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Real estate industry comments on unchanged repo rate

Despite some economists suggesting that we might see an interest rate cut for the first time in four years, the Reserve Bank has decided to keep interest rates at their current levels with the repo rate steady at 7%, and the prime lending rate is staying at 10.5%.

“While a rate cut would have brought about some financial relief to consumers, the fact that the rate has remained steady for a year now should have helped many to sort out their financial affairs to some degree,” says Adrian Goslett, Regional Director and CEO of RE/MAX of Southern Africa. “The Reserve Bank is currently at the end of its hiking cycle. However, this does not mean that consumers should see this as an opportunity to incur further debt, but rather an opportunity to reduce debt and put money aside,” he advises.

According to Goslett, debt is financially crippling so many prospective buyers who want to get into the property market. “Too much money is spent by consumers servicing debt. Debt is a vicious cycle.  If consumers incur debt, banks incur more debt, which means the Reserve Bank has more debt, and the country has more debt. Essentially, this means that the country has less money to take care of its people and the poorer everyone gets, which results in people needing to borrow and start the cycle again. Reducing or eradicating debt will increase disposable income and improve consumer’s financial situations,” says Goslett.

He adds that for consumers who are already homeowners, proper planning when interest rates are steady or low will assist them to survive financially during hiking cycles. “Where possible homeowners should pay more than their minimum bond repayment to reduce the outstanding balance faster and save on the interest paid over the term of the loan. If the interest rates are hiked in the future, the homeowner would have benefited from their decision to pay more, and they would not feel the impact of the increase as much as those who have paid the minimum monthly instalment,” advises Goslett.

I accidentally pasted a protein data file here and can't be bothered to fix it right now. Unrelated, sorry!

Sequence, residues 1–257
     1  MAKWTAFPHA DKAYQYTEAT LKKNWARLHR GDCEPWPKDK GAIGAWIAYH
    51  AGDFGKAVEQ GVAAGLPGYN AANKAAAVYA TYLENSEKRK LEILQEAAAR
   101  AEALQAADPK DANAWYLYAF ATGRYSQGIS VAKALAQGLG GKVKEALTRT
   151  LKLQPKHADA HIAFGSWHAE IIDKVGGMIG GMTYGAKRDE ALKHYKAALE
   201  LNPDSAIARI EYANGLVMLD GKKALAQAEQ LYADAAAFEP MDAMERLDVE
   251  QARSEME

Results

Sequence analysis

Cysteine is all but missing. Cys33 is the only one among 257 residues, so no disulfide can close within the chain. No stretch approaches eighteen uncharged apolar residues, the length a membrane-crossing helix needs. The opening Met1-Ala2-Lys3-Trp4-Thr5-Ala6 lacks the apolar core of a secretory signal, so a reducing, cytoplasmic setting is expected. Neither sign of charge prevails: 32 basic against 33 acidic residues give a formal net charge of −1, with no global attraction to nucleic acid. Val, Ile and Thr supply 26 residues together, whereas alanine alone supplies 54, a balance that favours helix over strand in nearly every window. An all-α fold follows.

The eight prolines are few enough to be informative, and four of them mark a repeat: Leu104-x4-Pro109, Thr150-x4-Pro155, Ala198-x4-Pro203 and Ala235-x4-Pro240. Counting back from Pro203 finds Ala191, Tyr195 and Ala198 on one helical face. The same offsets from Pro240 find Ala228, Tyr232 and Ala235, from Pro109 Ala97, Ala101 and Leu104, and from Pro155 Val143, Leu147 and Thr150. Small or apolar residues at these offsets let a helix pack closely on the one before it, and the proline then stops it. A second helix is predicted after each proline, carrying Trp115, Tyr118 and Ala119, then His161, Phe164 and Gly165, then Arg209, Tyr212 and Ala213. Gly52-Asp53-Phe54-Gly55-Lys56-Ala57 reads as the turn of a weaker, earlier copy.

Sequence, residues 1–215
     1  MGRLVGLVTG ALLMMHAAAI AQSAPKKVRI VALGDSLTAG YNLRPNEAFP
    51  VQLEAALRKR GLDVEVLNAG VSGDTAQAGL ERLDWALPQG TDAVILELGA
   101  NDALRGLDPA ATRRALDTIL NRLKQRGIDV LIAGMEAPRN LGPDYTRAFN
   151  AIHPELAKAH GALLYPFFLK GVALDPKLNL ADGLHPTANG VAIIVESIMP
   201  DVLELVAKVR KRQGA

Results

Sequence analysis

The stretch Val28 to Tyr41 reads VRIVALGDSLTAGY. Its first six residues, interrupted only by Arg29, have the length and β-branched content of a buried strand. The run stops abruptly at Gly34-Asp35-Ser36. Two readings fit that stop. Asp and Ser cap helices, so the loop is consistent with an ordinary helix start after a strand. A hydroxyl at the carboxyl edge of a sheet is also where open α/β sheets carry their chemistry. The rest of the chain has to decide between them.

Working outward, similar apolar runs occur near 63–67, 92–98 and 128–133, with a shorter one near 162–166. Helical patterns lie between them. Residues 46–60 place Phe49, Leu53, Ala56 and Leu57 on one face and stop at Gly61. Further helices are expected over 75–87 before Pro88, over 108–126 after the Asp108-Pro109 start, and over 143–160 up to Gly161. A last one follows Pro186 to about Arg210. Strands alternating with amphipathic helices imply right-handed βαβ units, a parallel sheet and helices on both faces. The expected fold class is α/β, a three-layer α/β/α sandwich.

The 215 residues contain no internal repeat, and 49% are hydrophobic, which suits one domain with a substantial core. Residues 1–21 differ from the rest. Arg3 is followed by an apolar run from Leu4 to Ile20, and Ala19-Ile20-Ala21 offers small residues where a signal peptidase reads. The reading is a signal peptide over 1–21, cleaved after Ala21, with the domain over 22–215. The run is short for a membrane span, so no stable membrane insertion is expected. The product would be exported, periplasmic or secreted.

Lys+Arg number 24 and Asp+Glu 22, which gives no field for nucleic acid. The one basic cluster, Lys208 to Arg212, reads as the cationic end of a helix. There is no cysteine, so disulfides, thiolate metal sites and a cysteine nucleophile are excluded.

“We welcome today’s decision by the Reserve Bank’s Monetary Policy Committee to maintain the repo rate at 7% as it provides some relief to consumers dealing with rising food inflation and taxes”, says Bruce Swain, CEO of Leapfrog Property Group, “That being said, interest rates rise and fall and ultimately I would advise home owners not to worry about it too much. We may be at the end of the recent rising cycle, we might not – rather focus on paying a little extra into your home loan every month and you’ll always have a buffer against any rates increases”.
 
Swain explains that if a buyer purchases a property for R1.2 million, with a deposit of 20%, with a repayment at 11% over twenty years, it will cost the buyer R9,819 per month (excluding interest and municipal rate fluctuations). However, if the buyer increases their repayment by R500 per month the term reduces by 3 years, with a saving in interest of R251,484. Increasing the repayments by one thousand rand per month, reduces the term by 5 years, saving the buyer R409,140 in interest.
 
“Paying in as little as R500 a month extra into your home loan significantly reduces the interest payable over the duration of the loan – making it interest rate proof in a way”, says Swain.



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